Investors seeking reserved emerging-markets exposure do have a pair of good options.
We've long been suspicious of exceptionally aggressive emerging-markets funds--such as those that focus exclusively on a single country or a small region and those that follow daring stock-selection strategies--while we've always thought that relatively conservative emerging-markets offerings make a lot of sense. There are four reasons for our views. First, emerging-markets funds are quite explosive by definition. Second, the extra upside potential that extremely bold ones take on is often more than offset by the extra geographic or other risks that they assume. (For example, single-country emerging-markets funds have nowhere to hide when trouble hits their chosen market, and they're generally quite focused with regard to sector.) Third, the less-pronounced losses that those with broader and more-reserved strategies suffer during downturns frequently make up for the gains that they forgo during rallies. And fourth, the performance extremes of exceptionally aggressive funds make it hard for investors to stay the course with them, while the relatively smooth performance of more-conservative offerings makes them fairly easy to use.
Frankly, our conservative biases were out of step with market trends from early 2003 through late 2007, and we looked like curmudgeons. Emerging-markets funds enjoyed terrific conditions during that period. Strong global growth led to robust demand for emerging-markets goods and services. Domestic policies and conditions were quite favorable in most of the developing world and truly spectacular in China, India, and certain other places. And investors became more and more enamored with emerging-markets securities. Thus, between April 1, 2003, and Oct. 31, 2007, diversified emerging-markets funds delivered a fantastic 43% annualized return, while China, India, and certain other types of exceptionally aggressive emerging-markets funds produced even more stunning annualized returns.
But the climate for emerging-markets funds has taken a marked turn for the worse since late 2007. Housing, credit, and other problems in the United States have undermined economic growth here and abroad, and big increases in the prices of energy and other commodities have exacerbated the situation. Fears of inflation have beset several developing nations, with China and India being especially hard-hit. These negative macroeconomic developments have combined with worries about valuations to cause many investors to sour on emerging-markets stocks. As a result, diversified emerging-markets funds dropped 19% between Nov. 1, 2007, and July 1, 2008. It was worse for some of the more targeted funds: China offerings plummeted 37% and India funds plunged 42%.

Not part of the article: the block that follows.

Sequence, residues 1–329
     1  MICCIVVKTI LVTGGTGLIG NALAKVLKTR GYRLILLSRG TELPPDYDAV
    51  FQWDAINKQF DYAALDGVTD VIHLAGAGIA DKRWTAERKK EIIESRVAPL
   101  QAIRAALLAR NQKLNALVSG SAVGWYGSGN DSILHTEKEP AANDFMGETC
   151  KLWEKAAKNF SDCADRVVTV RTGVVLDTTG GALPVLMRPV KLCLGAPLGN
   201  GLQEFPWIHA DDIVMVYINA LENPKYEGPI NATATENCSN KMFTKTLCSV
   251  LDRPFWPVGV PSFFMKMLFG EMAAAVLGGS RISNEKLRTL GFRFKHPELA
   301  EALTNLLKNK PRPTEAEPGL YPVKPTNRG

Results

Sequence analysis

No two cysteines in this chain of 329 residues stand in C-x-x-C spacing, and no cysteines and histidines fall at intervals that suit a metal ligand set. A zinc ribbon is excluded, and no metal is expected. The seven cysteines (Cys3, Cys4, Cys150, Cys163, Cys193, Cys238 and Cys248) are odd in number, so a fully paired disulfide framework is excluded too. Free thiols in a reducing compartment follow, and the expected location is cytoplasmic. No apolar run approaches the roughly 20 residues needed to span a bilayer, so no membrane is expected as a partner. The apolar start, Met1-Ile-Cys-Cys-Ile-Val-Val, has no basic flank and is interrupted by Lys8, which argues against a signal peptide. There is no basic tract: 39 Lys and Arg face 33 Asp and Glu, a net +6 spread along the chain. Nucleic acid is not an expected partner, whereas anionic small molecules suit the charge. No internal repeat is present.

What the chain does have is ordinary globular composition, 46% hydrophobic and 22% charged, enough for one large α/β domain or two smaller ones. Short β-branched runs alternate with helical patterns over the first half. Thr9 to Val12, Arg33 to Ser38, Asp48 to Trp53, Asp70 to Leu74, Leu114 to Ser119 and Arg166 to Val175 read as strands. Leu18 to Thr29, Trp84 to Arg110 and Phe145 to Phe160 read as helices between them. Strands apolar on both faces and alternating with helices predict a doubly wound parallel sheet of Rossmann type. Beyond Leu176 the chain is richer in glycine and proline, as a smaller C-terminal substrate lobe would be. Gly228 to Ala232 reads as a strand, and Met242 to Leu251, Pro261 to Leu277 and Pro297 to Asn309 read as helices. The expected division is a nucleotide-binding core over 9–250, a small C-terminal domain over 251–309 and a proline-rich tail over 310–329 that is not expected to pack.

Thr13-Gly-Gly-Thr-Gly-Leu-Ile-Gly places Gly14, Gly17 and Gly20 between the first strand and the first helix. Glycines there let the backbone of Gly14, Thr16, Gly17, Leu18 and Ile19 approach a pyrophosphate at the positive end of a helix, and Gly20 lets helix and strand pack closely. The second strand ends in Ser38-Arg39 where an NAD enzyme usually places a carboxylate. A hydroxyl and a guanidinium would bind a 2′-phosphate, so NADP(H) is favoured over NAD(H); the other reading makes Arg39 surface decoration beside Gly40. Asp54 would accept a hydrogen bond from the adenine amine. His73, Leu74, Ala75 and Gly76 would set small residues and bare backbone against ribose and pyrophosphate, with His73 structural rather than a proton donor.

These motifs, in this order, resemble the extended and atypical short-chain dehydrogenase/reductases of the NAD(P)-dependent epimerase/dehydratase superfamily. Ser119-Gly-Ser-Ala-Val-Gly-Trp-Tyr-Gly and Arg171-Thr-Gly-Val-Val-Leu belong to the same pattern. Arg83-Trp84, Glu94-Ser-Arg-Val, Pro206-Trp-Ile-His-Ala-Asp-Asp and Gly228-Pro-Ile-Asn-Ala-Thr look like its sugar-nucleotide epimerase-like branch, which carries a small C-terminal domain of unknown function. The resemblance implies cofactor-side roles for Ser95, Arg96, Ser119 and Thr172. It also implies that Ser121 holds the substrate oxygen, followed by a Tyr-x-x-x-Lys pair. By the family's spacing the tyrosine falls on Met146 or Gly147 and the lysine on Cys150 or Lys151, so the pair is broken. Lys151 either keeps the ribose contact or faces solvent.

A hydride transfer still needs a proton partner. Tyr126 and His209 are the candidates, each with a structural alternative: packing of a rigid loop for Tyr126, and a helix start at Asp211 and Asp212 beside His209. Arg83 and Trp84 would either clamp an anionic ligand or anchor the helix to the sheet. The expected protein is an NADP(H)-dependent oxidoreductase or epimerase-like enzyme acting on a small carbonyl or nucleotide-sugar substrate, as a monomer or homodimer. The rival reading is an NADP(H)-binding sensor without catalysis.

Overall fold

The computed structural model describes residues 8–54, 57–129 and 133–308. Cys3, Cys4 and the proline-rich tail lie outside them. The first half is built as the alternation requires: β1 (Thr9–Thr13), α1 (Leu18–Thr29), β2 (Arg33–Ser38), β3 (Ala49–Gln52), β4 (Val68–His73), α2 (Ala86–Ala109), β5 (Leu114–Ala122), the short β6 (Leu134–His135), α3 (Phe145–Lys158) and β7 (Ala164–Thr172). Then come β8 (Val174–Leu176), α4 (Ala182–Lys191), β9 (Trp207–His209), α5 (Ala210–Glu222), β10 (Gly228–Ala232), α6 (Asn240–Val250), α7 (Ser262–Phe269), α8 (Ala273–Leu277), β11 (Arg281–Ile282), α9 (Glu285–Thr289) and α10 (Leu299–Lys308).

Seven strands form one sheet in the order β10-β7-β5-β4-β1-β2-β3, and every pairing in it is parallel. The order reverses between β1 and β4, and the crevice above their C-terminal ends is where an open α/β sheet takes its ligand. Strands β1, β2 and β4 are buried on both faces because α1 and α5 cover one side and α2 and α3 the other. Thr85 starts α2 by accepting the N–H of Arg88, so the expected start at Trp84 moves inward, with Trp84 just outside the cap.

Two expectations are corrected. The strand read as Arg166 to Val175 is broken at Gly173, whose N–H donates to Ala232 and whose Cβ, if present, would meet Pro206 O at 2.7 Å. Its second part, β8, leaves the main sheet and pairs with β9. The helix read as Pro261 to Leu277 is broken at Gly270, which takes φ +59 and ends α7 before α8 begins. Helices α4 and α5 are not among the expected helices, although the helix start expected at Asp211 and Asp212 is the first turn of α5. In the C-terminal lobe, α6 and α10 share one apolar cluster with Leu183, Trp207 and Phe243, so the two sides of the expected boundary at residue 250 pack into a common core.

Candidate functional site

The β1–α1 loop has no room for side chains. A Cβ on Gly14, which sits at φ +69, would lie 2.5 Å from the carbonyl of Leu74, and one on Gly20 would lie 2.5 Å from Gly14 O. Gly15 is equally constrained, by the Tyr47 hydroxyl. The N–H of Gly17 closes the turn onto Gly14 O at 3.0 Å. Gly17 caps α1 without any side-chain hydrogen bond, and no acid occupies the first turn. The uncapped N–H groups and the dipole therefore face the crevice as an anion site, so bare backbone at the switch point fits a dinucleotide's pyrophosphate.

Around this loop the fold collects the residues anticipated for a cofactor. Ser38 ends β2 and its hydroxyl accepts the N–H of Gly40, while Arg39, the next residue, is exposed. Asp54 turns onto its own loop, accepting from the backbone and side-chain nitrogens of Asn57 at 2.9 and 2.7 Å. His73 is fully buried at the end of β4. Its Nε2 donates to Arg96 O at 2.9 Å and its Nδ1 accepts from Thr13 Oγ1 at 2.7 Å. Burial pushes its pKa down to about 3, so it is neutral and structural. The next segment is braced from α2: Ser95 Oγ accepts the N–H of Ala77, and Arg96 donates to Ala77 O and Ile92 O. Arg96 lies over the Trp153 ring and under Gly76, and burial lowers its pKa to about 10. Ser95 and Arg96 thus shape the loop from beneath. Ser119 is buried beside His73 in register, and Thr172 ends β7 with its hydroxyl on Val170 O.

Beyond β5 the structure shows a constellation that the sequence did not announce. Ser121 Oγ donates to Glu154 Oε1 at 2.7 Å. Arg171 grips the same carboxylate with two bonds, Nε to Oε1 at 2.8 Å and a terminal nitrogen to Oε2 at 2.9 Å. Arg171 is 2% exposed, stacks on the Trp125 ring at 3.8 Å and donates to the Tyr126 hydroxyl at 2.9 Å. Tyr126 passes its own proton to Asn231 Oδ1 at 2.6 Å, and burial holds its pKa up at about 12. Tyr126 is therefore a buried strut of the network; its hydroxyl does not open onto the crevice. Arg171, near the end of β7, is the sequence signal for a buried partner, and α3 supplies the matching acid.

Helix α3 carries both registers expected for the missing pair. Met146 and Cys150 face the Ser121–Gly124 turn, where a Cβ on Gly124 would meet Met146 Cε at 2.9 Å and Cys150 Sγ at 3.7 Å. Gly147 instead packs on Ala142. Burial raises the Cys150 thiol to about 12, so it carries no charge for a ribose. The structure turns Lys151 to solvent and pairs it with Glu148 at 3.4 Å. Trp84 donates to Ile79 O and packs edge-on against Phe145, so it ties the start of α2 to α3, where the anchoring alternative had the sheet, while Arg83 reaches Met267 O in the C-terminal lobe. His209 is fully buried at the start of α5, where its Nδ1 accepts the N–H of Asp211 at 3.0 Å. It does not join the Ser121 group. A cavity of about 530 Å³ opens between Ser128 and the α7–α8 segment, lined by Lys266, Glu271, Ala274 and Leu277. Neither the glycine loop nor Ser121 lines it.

These losses, of course, underscore the appeal of conservative emerging-markets funds. But investors who are interested in such funds should be sure that they understand two facts. First, several of the offerings that have held up relatively well over the past eight months aren't reserved at all. Latin America, Russia, and Middle East funds have suffered only small losses or posted gains since Nov. 1, because they focus primarily or exclusively on commodity-oriented markets, but they're actually quite risky and subject to major sell-offs because of their sector and geographic concentrations. Second, some of the best conservative emerging-markets funds are closed to new investors, including Dreyfus Premier Emerging Markets
Fortunately, however, there are a couple of genuinely reserved emerging markets that remain open to new investors and that are quite attractive overall, namely Lazard Emerging Markets
Finally, American Funds New World has lost only about half the group norm during the current decline, faring better than all other diversified emerging-markets offerings. The fund held up particularly well in most prior storms, and it has been the least volatile member of its group overall. The main reason for the fund's resilience is that it is wider-ranging than traditional emerging-markets offerings. Its managers divide the portfolio between straightforward emerging-markets names and developed-markets firms that have significant business in the developing world, such as current top-five holding Novo Nordisk
William Samuel Rocco is a fund analyst with Morningstar.
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